Dry is getting drier and wet is getting wetter. Put simply, these are the changes affecting people and nature as a consequence of climate change. In urban areas, this means that disruption sometimes consists of flooded streets and cellars due to intense rainstorms. Due to the water table rising too quickly or too high, there is also a heightened chance of overflows where rainwater is discharged directly to surface water via the sewer system.

The municipality of Amsterdam and Waternet have set up the ‘Amsterdam Rainproof’ platform with the aim of increasing Amsterdam’s resilience to increasingly frequent rainstorms. Amongst other things, Waternet is responsible for the circulation of rain and waste water in Amsterdam.

Making the city more climate-resistant was also one of the challenges facing the ‘Accommodation of special groups’ project in Amsterdam. In this project, Iv-Infra provided the engineering to develop several locations within the city limits to make them suitable for construction and accommodation for a maximum period of 10 years. Each location is a project in itself, in which Iv-Infra fine-tunes the designs with the municipality, utility companies, housing corporations, the building contractor constructing the temporary residences and the civil contractor responsible for the layout of its public spaces.

Features and challenges

Each location has its own features and challenges. For example, at the ‘Kruislaan’ location, one of the challenges was the provision of water compensation for the increase in roofed and paved surfaces. Because rainwater is no longer able to soak away into the soil due to this increase, it can cause flooding or overloading of the surface water drainage and/or sewer system. Waternet’s statute therefore states that for every 1,000 m2 increase in hardened surface, a minimum of 70 m3 rainwater storage must be generated in compensation. This requirement is considerably stricter than the normative T10 which, according to the drainage guidelines, occurs once in 10 years. The reason for this is that Waternet wishes to implement robust facilities and resilience measures in the city, so that it is prepared for a future of climate change.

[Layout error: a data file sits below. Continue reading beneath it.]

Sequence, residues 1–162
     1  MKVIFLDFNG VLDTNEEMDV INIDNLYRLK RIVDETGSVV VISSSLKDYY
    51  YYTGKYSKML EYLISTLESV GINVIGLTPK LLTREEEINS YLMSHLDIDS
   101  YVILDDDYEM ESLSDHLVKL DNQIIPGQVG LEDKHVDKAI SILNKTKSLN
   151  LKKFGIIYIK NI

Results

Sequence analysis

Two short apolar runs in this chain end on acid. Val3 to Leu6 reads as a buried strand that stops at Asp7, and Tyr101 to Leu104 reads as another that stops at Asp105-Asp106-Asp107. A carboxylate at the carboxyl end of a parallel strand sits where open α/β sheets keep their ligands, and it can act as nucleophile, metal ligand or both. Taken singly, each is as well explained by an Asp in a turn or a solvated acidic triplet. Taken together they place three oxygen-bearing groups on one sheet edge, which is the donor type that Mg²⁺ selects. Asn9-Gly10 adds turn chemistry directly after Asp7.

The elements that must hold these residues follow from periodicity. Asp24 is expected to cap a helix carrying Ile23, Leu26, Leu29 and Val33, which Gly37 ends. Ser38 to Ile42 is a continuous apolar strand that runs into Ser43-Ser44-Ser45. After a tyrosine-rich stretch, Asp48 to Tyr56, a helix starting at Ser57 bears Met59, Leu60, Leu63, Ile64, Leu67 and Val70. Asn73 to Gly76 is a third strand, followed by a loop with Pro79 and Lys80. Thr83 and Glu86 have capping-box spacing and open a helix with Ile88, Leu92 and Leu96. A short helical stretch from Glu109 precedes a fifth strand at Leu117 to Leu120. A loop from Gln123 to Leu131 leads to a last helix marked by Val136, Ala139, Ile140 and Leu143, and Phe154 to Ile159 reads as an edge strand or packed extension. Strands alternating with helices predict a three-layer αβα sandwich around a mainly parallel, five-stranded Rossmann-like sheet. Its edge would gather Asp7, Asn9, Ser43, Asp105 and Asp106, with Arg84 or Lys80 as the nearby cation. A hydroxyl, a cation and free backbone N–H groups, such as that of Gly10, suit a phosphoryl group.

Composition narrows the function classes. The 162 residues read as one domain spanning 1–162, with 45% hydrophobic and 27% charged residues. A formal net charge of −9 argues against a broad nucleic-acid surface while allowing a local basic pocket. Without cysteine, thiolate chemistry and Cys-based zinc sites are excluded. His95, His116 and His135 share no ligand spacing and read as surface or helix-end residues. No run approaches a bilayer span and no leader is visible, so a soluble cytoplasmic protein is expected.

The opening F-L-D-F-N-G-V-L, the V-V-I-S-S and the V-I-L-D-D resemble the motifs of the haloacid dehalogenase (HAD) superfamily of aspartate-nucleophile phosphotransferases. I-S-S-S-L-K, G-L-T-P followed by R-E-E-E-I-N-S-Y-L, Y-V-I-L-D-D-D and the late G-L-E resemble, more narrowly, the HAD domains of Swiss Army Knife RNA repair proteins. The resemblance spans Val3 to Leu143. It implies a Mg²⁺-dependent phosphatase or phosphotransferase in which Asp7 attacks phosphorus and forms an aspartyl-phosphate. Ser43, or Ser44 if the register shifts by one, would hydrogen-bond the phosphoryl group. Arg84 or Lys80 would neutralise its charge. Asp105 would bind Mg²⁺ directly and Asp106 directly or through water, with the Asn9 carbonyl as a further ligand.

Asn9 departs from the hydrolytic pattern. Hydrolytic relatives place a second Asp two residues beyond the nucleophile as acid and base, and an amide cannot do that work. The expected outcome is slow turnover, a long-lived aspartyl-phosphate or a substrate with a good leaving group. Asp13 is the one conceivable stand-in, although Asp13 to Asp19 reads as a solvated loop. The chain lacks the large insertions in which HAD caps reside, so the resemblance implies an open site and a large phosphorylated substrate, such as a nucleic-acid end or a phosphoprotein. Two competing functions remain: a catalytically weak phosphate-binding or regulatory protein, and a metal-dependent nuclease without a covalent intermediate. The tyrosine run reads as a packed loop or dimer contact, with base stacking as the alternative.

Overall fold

The project is located in the ‘Watergraafsmeerpolder’, which was drained in 1629. The soil consists mainly of clay and peat, with a top layer of sand infill. This top layer determines the infiltration capacity of the soil. The average groundwater level, together with the average highest and lowest groundwater levels, were determined on the basis of measurements taken from Waternet’s network of monitoring wells and on the hydromorphological profile features (oxidation and reduction stains) from a previous study. In addition to this data, the available area within the project boundaries and the level in the surrounding waterways formed the most significant input for a study into the various alternatives relating to the buffering of rainwater.

Underground solution

Iv-Infra considered various alternatives, each one of which had advantages and disadvantages in relation to several factors such as space requirement, cost, maintenance and complexity. Given the limited space, neither the above-ground collection of rainwater nor the expansion of surface water was an option.